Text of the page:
Social Well-Being Tracker

Our social well-being indicators are based on social determinants of health. These indicators are the economic and social conditions that shape the health of individuals and communities. Social determinants of health also determine the extent to which a person possesses the physical, social, and personal resources to identify and achieve personal aspirations, satisfy needs, and cope with the environment. Social determinants of health are about the quantity and quality of a variety of resources that society makes available to its members. Important considerations include both the quality and their distribution amongst the population. 1

GHealth & Health Services

G1Number of People Served by Edmonton's Food Bank in MarchEdmonton City

Trend Analysis

Short Term


Long Term

Trend Value Negative

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Canada’s universal health care system aims to ensure that all Canadians are provided equal access to health services without financial barriers. Unfortunately, Canadians continue to face challenges in accessing medical care due to poverty and systemic discrimination. Many Black and Indigenous people in Canada lack trust in the system as a result of historical and contemporary discrimination and trauma.

All Canadians face long wait times for particular health services, but for people living in poverty these long wait times for even the most basic care may prove prohibitive. Combined with medical costs that are not covered by the system and must be paid out-of-pocket or through costly insurance program (such as prescription drugs, dental care, or mental health services), marginalized populations are unlikely to have reliable access to health care services. This is more alarming given that their health concerns are already heightened due to adverse living conditions (e.g., low-income, poor housing conditions, and food insecurity). For expectant mothers, these issues may increase the risk of low birth weight or child mortality; for others experiencing stress and other mental health challenges, these issues impact life expectancy and suicide rates.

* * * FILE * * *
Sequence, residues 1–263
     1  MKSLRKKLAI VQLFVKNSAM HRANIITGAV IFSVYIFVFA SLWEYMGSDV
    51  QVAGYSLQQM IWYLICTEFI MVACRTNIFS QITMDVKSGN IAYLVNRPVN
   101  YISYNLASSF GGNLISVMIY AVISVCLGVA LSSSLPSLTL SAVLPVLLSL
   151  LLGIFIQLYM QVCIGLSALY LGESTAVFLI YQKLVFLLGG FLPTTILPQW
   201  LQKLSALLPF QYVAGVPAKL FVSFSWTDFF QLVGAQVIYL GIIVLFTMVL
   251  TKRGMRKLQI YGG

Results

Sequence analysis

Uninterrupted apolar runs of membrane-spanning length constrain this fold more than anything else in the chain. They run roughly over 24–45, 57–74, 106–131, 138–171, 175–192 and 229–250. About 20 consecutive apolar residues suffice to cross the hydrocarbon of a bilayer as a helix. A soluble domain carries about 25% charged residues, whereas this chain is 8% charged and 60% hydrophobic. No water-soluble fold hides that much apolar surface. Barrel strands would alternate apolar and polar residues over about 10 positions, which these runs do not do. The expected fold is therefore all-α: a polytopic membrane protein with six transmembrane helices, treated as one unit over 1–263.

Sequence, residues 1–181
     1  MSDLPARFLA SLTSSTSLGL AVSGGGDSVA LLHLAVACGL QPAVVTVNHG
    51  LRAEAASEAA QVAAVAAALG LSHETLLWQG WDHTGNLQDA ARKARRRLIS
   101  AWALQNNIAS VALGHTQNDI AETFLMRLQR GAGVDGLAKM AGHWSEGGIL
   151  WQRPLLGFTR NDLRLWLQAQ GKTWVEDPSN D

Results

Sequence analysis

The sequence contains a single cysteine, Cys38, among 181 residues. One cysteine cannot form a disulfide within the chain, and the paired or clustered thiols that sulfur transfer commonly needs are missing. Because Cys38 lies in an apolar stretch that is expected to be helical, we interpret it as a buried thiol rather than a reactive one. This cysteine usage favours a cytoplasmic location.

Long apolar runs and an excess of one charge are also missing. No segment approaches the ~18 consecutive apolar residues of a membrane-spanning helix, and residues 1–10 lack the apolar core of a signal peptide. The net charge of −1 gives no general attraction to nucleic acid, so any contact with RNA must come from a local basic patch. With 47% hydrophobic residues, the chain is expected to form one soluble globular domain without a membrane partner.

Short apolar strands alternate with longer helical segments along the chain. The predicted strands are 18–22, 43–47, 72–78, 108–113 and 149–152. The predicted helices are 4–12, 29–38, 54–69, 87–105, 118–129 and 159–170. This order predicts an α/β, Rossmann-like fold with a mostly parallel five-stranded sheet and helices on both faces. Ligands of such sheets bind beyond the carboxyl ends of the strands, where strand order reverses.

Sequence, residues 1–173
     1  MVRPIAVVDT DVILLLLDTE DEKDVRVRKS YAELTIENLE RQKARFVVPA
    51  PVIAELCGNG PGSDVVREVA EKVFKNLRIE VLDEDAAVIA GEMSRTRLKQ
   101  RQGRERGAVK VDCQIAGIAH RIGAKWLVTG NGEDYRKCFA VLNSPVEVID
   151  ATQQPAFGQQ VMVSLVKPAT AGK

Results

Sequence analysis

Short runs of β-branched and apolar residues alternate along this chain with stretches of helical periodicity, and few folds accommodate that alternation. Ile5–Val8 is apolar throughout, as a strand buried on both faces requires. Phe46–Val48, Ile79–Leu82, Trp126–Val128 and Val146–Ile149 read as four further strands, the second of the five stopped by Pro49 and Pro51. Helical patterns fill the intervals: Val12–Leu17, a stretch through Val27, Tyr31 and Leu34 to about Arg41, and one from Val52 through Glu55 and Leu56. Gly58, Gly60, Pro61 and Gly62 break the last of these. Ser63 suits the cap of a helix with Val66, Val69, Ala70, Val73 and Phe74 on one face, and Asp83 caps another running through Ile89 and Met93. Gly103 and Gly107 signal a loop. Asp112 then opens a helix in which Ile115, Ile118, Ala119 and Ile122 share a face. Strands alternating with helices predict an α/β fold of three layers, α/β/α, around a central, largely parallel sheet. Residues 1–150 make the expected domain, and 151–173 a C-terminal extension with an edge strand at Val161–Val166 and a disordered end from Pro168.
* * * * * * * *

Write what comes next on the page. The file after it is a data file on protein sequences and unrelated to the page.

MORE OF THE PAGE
Number of persons served by Edmonton's Food Bank in March 2020

  • Households in need of food can only receive a hamper from the food bank once per month. The data above counts the number of distinct individuals (including dependent children) who received food hampers each month. Data for the years 2011 to 2020 is calculated based on the month of March. For earlier years, the data reflects a monthly use average over the entire year.
  • In March 2020, the Edmonton Food Bank served 25,028 different people through its hamper program.
  • The last 20 years of food bank use reflects the ups and downs of Edmonton’s economy. In 2007, the Edmonton Food Bank served a 20-year low of 10,422 people, rising up to 16,803 toward the end of the global financial crisis in March 2011, back down to 12,677 during the economic recovery, and back up to a record high 23,181 people served in March 2017. From 2017 to 2019, food bank usage declined but it is now rising as a result of the COVID-19 pandemic.

This data has been collected from external sources and should not always be attributed to ESPC. We would be happy to provide you with a specific reference for the data that you have used. Please use the contact form on this page to request sourcing information.

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